Taylor soon became a docent, giving tours as she retold to visitors the glories of the county and its past. She gives credit where it’s due for her oral history abilities.

“I got some storytelling ability from my father,” she said.

The house is indeed special.

“It’s amazing that the first part built in 1815 is still standing,” said Taylor. “The outside of the house has been reworked, but when you walk in that house, we’ve kept it as it would have been in 1815. One thing we bought at auction is a “swing arm” that sits over the fire place where women could swing pots over the fire.”

Although Taylor retired from significant volunteer duty in December, 2018, she will keep on with a favored assignment.

“I’ve enjoyed being a docent and telling the story and I’ll continue doing that,” she said.

She trains new docents but even so there’s a shortage of such guides, and that directly limits Allison-Deaver House visitor hours: since there’s no one to guide tours, the house is only open two days per week.

Genealogy Makes History More Popular

Interest in history seems to be on the uptick in the U.S. and Transylvania County is no exception.

And Taylor is only too glad to promote what some Transylvanians know but others don’t.

Taylor met with visitors from more than 20 states and three countries last year. She also spoke to school groups who are frequent visitors.

Still, there’s a long way to go for the public to fully utilize, and get to know, both the Allison-Deaver House and another historic property, the McGaha Chapel.

“People didn’t know we were there, they didn’t know we were open. People say they know the place is there but ‘I’ve just never taken the time to visit,’” said Taylor.

The society board, she said, has been particularly active in the past 10 years.

“We’ve had more events to get people out,” she said.

Taylor points to genealogy as stirring up general interest in both family and local histories.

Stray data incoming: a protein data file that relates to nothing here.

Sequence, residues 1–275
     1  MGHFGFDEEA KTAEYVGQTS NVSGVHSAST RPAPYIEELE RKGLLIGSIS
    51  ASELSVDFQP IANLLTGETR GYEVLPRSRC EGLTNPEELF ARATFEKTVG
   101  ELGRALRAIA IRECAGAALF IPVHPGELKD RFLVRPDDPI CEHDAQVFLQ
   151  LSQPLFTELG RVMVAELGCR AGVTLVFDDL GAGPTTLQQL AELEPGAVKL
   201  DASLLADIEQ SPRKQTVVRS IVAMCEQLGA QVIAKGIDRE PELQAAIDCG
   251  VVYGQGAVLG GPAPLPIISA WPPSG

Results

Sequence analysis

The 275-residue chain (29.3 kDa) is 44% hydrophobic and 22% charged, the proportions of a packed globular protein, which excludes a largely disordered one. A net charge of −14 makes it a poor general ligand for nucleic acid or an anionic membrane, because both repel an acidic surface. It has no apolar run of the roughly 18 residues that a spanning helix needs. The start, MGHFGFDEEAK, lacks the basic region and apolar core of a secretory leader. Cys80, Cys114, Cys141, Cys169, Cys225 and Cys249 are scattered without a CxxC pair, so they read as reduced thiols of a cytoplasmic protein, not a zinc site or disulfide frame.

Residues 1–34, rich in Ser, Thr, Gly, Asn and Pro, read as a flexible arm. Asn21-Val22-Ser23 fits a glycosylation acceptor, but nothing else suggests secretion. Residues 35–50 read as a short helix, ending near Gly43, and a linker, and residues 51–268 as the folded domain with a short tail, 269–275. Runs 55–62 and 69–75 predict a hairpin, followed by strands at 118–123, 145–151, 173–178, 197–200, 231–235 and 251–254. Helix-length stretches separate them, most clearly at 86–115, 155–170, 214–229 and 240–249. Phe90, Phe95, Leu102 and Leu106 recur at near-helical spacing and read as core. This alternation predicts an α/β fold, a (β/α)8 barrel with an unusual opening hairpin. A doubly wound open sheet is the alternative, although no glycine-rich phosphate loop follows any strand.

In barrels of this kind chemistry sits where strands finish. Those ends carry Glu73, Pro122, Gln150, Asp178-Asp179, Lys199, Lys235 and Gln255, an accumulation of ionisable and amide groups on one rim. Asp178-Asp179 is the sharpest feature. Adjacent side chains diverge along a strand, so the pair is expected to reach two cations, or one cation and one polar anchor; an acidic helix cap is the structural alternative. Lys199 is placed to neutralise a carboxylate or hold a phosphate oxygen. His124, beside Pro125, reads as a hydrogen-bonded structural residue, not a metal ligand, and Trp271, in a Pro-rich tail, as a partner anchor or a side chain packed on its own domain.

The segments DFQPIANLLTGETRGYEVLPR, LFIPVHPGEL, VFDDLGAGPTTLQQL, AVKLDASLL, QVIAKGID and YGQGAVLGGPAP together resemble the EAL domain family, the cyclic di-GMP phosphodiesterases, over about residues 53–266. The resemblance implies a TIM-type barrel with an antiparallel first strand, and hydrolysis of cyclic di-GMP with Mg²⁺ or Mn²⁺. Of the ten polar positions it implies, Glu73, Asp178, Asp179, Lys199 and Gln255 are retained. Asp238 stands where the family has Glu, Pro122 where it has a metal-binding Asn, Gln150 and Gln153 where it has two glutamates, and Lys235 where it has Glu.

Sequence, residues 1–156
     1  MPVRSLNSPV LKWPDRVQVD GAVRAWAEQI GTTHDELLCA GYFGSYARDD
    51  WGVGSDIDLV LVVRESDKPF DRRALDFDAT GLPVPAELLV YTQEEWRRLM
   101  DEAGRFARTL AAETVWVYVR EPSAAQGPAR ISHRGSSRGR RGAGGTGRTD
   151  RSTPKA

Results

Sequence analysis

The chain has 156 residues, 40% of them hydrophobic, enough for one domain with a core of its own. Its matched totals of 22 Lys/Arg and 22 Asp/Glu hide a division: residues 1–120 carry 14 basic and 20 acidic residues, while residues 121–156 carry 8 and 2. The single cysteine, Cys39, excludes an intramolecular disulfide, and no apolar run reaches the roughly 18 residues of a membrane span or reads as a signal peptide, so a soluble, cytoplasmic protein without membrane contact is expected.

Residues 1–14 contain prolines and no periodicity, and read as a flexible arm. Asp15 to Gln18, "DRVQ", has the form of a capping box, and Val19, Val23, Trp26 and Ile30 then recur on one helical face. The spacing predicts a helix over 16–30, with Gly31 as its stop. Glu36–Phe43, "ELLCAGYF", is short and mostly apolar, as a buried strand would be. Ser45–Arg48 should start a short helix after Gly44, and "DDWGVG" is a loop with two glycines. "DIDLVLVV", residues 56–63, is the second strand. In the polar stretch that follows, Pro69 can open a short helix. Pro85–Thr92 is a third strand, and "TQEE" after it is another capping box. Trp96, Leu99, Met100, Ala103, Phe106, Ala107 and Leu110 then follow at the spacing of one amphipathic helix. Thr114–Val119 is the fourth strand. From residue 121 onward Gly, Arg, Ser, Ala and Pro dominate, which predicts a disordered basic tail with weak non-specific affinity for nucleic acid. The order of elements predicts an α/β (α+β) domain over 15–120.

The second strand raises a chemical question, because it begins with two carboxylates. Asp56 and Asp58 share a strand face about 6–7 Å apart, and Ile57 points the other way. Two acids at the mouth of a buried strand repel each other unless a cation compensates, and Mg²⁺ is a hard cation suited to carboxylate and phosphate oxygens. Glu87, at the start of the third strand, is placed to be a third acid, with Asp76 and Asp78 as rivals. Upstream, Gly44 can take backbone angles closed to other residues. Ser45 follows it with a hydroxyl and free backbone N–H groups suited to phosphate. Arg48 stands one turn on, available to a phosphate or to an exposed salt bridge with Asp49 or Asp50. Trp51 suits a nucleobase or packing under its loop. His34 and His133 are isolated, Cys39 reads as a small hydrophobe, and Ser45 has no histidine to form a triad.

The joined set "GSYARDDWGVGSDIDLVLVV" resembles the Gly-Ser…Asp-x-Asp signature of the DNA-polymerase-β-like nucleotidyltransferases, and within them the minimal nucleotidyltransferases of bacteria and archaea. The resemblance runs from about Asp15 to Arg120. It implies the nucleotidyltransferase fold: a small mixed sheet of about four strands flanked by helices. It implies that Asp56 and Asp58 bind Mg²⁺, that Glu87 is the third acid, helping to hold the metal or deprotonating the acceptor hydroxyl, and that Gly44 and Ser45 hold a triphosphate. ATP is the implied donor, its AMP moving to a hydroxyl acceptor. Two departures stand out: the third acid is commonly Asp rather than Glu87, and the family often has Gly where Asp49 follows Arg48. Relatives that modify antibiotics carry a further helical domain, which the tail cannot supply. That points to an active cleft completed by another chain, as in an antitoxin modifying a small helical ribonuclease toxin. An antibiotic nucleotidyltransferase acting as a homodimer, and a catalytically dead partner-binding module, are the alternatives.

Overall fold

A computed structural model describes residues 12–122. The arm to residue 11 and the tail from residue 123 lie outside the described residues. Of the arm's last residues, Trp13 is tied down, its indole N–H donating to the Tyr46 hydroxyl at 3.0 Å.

“People are more interested in history now than ever before, I think history is talked about a lot more,” she said.

People, it seems, want to know their history and roots.

“It has a lot to do with genealogy, even if people are transplants here. They take an interest in the area. They come out and find out more of the history,” she said.

And that includes native Transylvanians and newcomers alike who have yet to visit a location so central to the founding of the county in 1861.

According to Taylor, “People know more about Silvermont because they pass by it every day” on the east end of Main Street. “I’d like to see more Transylvania County residents use it (Allison-Deaver House). I wish they would visit.”

Taylor may have spent her time at the historical society in the background, but her work and commitment of time has not gone unnoticed.

“Her work in the historical society has been nothing short of phenomenal,” said Keith Parker, former board member and himself a Brevard native. “She’s quiet and unassuming. She always worked behind the scenes but is very hard working. And any time there was work to be done, Taylor was right in the middle doing it. She’s been the most inspiring worker. And when she spoke it was of wisdom and experience.”

If anyone is interested in guiding tours, call (828) 884-5137 or visit http://www.tchistoricalsociety.com.